So, I let Spoonbill sit: it continued to do its thing, albeit in a worse fashion due to the dataset growing larger and the database growing slower.
In true ouroboros fashion, someone attempted to do to Spoonbill what Spoonbill did to its predecessor, the aforementioned BioIsChanged: Flock, a YC-backed tool, joined the 2020 cohort. (Lest this sound like sour grapes — Aaron, who runs an excellent blog, reached out to ask if I was interested in partnering before he submitted his application.)
I think Flock's value proposition — a focus on CRM tooling — made a lot of sense, though it looks to be abandoned in much the same way Spoonbill is.
And so, for the better part of three years Spoonbill sat in a pleasant stasis: it worked, it paid my mortgage, and it required zero mental bandwidth. (Whenever someone asked me about Spoonbill during those years, I would tell them with pride: the best part about it is that I could sincerely not remember the last time I had to log onto admin or make a code change.)
Then Elon bought Twitter, and they announced API changes:
This was a development best described as a bummer, even more so because the actual prices were left unannounced for many months. Once the actual API prices were announced ($42,000/month for any non-trivial amount of API traffic), it was obvious what would happen — Spoonbill would shut down.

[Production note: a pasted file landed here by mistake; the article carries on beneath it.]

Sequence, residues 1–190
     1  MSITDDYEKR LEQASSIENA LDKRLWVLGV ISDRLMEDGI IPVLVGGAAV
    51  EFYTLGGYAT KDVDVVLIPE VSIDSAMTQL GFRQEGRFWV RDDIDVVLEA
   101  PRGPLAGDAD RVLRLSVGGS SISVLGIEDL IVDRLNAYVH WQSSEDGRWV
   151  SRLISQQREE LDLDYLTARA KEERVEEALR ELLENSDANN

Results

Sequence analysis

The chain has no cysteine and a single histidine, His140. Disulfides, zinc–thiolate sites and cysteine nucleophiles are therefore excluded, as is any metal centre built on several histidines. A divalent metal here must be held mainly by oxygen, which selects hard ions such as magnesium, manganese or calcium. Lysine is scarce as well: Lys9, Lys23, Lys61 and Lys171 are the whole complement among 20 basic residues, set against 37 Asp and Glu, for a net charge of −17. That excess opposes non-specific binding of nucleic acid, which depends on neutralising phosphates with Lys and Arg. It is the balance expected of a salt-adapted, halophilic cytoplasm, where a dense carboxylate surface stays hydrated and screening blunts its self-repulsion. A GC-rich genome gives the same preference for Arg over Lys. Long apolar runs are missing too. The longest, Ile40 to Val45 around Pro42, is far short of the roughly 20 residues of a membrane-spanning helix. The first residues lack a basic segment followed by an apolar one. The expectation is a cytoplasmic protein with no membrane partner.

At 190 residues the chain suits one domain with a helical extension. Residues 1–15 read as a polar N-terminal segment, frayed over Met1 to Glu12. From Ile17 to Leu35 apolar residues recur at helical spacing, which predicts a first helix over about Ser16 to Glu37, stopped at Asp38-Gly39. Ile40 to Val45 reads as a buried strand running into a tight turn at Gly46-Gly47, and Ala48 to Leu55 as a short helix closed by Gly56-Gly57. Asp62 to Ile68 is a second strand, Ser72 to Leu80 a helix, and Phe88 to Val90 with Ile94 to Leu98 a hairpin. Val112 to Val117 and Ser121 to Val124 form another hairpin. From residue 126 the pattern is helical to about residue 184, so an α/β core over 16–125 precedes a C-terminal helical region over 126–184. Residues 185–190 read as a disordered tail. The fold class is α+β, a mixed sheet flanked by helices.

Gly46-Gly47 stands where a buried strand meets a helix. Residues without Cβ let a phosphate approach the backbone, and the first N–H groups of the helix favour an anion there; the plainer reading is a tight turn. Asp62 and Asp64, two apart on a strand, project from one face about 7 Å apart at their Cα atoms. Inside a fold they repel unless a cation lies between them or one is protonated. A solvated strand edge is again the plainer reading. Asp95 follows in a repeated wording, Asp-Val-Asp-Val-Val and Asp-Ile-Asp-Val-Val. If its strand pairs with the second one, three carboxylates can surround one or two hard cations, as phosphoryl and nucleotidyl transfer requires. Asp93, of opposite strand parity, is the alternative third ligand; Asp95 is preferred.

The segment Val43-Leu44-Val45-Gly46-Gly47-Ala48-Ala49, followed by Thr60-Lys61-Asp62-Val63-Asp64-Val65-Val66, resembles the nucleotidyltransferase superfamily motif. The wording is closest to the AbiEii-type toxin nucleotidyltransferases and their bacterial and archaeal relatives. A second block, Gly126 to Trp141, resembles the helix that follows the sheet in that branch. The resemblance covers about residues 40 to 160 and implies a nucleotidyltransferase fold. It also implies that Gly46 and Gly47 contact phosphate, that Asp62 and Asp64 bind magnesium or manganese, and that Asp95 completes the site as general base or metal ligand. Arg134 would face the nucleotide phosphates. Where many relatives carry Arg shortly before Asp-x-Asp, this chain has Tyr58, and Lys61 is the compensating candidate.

I reached out to the remaining few customers, cancelled their recurring invoices, and scaled down the various dynos. A lovely little project had come to a lovely little end.
The "what if" game is easy. What if I had really gone all-in in 2018 — raised a huge round, figured out how to work with arbitrary additional networks, and so on?
Perhaps the stars would have aligned in such a way that Spoonbill would have been a huge success. The much more likely outcome, I think, is that any significant amount of product traction would have led to a series of very painful conversations with Twitter leadership.
Instead, I spent most of my time in two buckets that represent my best work to date: Buttondown and Stripe.
I think Spoonbill would have been a poor company, but it was a perfect project. I got to learn; I got to meet with people I otherwise would never have; I got to build something that people used; I got to charge money for it.
Per Stripe, Spoonbill grossed $220,300 over its lovely little existence. I'd say I spent one hundred hours on it in total (the vast majority of which came in its first few weeks, pre-launch) — so, $2,200/hour. Not bad!
Spoonbill's data sits in two places, crystalized in amber.
- A db.t2.medium RDS instance that will probably get shut down in the next year or two.
- A backup USB drive that I keep in a drawer in the desk next to me.
It's painfully rare for a piece of software to have a true sense of narrative closure: either it succeeds, and is immortal, or it is killed: killed by shifting priorities and shrunken budgets and changing macroeconomic headwinds and more exciting ideas.
Which is why I am grateful, in writing this, that I get to earn a bit of closure (even if it comes at the price of this disjointed prose — there's a reason I called this essay a eulogy!). I am very proud of what I built; I hope that, if you were a user, it brought you some small amount of insight or joy.